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Nine Inch Nails | With Teeth | review | electro | Lollipop
Nine Inch Nails
With Teeth (Interscope)
Nine Inch Nails fans have waited 2,052 days - that's right, six years since Trent Reznor last offered up a new full-length CD. Six years, as anyone in the music business will tell you, is an eternity. Wait that long, and anything can happen. And it usually does. Most conglomerate music industry insiders will encourage a turnaround of no more than two or three years between releases, but this is far from the model of Nine Inch Nails. It's no secret that Reznor has never been one to release albums simply for the sake of having something to sell. This personality quirk has driven more than one of his business associates mad with frustration. Though sometimes a control freak, occasionally a victim of unforseen circumstances, and often a perfectionist to a fault, it's hardly an exaggeration to say that Reznor's work never fails to shake the foundation of the music industry.
Central is his ability to write a good pop song. He's a self-proclaimed pop artist, and a damned good one at finding the holy grail in pop music: A good hook and a catchy chorus. Like David Bowie, he can easily wear different genres of music (rock, metal, punk, hip hop, and industrial) comfortably. Add to the mix Reznor's mastery of music engineering, production, and his ease with learning and assimilating new technologies, and it's no wonder he's often afforded the same respect among engineers and music artists that visual effects specialists offer George Lucas in the film industry. His classically-trained ear and concert piano performance skills have come in handy when crafting conceptual albums that echo many of the strongest acoustical themes of Beethoven, Bach, and Wagner, and delve into the philosophies of Nietzsche and Chomsky, and the psychologies of Freud and Jung.
To understand With Teeth from an artistic point, one may begin by comparing it to his last release, The Fragile. On the surface, the albums are a sharp contrast. One is a magnum opus concept album of 33 tracks, the other a 13-track collection that explores a multitude of ideas, but without encompassing any one concept as its central story. One was recorded and released through Nothing Records while Reznor was still a primary owner, the other was only released through Interscope Records after Reznor relinquished his stake in the fledgling record imprint. The Fragile was written, recorded, and performed with a comfortable supporting cast who'd worked with him for many years. Many of those contributors left the NIN camp before the recording of With Teeth began. Gone were the contributions of Danny Lohner, Charlie Clouser, and Robin Finck, who've all gone on to their own productive careers. Lohner as an in-demand producer and guitar player, Clouser as a successful television composer for such hits as Las Vegas and NUMB3RS, and Robin Finck as a guitar player for productions such as Cirque Du Soleil. New contributors were sought for With Teeth, contributors which eventually included the punchy drums of Dave Grohl and the turntables of Alien Tom.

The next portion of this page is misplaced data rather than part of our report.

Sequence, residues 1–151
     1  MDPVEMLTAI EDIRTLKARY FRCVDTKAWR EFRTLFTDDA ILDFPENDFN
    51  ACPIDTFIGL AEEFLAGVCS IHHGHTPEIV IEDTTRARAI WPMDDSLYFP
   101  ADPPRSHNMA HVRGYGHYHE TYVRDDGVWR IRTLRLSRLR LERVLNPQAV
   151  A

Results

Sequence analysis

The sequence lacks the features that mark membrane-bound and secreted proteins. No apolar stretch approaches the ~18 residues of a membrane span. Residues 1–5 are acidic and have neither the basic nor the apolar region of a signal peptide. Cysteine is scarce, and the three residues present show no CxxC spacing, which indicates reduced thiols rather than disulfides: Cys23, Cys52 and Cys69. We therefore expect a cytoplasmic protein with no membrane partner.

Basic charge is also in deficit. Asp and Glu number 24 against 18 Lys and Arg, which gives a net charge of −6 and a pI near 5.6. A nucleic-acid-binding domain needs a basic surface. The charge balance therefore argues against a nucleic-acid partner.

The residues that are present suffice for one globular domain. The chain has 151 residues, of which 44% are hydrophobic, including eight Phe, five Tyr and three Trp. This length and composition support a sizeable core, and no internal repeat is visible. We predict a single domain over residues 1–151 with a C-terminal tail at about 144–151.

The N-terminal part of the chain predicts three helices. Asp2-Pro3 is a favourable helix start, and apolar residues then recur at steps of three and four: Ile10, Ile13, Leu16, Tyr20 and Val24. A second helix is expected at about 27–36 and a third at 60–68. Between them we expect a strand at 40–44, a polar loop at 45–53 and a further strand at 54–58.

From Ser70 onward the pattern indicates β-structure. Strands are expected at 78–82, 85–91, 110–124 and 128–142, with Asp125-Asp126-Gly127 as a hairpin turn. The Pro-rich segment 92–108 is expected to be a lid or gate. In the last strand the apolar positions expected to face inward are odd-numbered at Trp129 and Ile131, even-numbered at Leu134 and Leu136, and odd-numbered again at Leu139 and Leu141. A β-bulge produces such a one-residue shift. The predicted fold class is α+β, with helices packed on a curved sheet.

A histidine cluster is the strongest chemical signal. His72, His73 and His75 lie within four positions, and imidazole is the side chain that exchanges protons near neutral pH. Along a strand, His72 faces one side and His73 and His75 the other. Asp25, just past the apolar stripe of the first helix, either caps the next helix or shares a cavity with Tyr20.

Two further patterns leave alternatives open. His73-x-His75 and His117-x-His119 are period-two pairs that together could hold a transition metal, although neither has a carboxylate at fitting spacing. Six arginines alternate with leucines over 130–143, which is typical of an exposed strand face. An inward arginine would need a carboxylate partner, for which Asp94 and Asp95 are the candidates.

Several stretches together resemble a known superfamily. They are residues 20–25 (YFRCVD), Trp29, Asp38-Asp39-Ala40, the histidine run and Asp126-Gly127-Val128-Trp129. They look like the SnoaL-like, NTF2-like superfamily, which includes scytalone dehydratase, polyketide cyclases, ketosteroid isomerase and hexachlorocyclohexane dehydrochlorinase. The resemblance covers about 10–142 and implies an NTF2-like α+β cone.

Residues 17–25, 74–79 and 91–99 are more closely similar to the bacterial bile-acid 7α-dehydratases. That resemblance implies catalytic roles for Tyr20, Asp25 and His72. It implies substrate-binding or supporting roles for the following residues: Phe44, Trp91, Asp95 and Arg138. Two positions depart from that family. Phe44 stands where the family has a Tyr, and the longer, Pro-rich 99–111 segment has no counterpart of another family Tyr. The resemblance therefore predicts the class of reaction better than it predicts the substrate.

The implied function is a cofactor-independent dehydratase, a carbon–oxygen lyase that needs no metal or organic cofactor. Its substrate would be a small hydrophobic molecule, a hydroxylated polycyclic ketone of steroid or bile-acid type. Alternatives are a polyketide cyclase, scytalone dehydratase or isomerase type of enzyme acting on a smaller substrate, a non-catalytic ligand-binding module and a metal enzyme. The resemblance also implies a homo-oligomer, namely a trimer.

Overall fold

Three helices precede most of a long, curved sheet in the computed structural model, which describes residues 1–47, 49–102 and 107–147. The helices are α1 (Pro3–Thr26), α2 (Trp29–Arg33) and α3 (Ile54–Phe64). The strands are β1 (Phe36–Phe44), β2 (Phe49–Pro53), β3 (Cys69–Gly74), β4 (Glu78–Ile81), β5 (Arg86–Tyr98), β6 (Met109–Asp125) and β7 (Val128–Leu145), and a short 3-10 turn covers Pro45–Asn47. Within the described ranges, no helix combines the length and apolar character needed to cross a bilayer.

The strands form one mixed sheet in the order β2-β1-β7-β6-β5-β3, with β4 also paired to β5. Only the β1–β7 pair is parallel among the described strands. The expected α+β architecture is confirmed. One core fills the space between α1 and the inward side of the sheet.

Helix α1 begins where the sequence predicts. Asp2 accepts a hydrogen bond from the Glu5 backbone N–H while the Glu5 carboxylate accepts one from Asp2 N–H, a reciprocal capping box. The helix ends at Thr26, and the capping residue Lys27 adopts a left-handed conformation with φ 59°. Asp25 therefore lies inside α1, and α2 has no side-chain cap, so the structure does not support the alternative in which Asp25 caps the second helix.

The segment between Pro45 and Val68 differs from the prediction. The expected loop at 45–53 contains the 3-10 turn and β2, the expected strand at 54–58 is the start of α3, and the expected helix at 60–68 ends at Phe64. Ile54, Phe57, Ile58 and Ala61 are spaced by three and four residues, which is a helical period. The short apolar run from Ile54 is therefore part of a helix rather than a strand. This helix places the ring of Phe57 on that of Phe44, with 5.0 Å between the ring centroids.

The title suggests a primal form of Nine Inch Nails that never quite emerges, and while there are glimmers of aggression and intensity in the compelling, hook-filled "The Hand that Feeds" and the scathing inside joke (and Land of Rape and Honey-era Ministry nod) of "You Know What You Are," the album lyrics are rather generalized about exactly what irks Reznor so. It's only by understanding Reznor's struggles that the lyrics become clear. Reznor has suffered financially from a manager who took advantage of him, and his struggles with alcoholism and bi-polar disorder have become legend. This makes for a very complex record.
The rest of his albums have a more easily detectable motif that run through each of them. Pretty Hate Machine was primarily a personal memoir; Broken, a personal and societal colonic; The Downward Spiral, an introspection in the mechanisms of human self denial and self destruction; The Fragile, an album about self-realization, self-renewal, and humanism; and the little known Still about coping. Songs on With Teeth examine all of these issues with varying degrees of success.
For the Pretty Hate Machine fan, there's the self-loathing, abusive, and Gary Numan-esque "Only" that - coincidentally or not so coincidentally mirrors the plight of the central character from Fight Club by Reznor favorite author, Chuck Palahniuk. With the firing of his longtime manager, John Malm, Jr., some have suggested that "Only" is also a farewell to his past, in true Reznor style. He recorded similar songs when he experienced displeasure with former TVT label owner, Steve Gottlieb, and with former labelmate and best friend Marilyn Manson. Fans of The Fragile should enjoy "All the Love in the World," "Every Day is Exactly the Same," and "The Hand That Feeds." Fans of the subdued and classically-based Still are offered "Right Where it Belongs." As a bonus, for the true NIN afficionados, cheeky references to earlier works abound throughout the lyrics.
All in all, With Teeth is as controversial, innovative, and explosive as any and every other Nine Inch Nails release. The wait for the next album begins once again...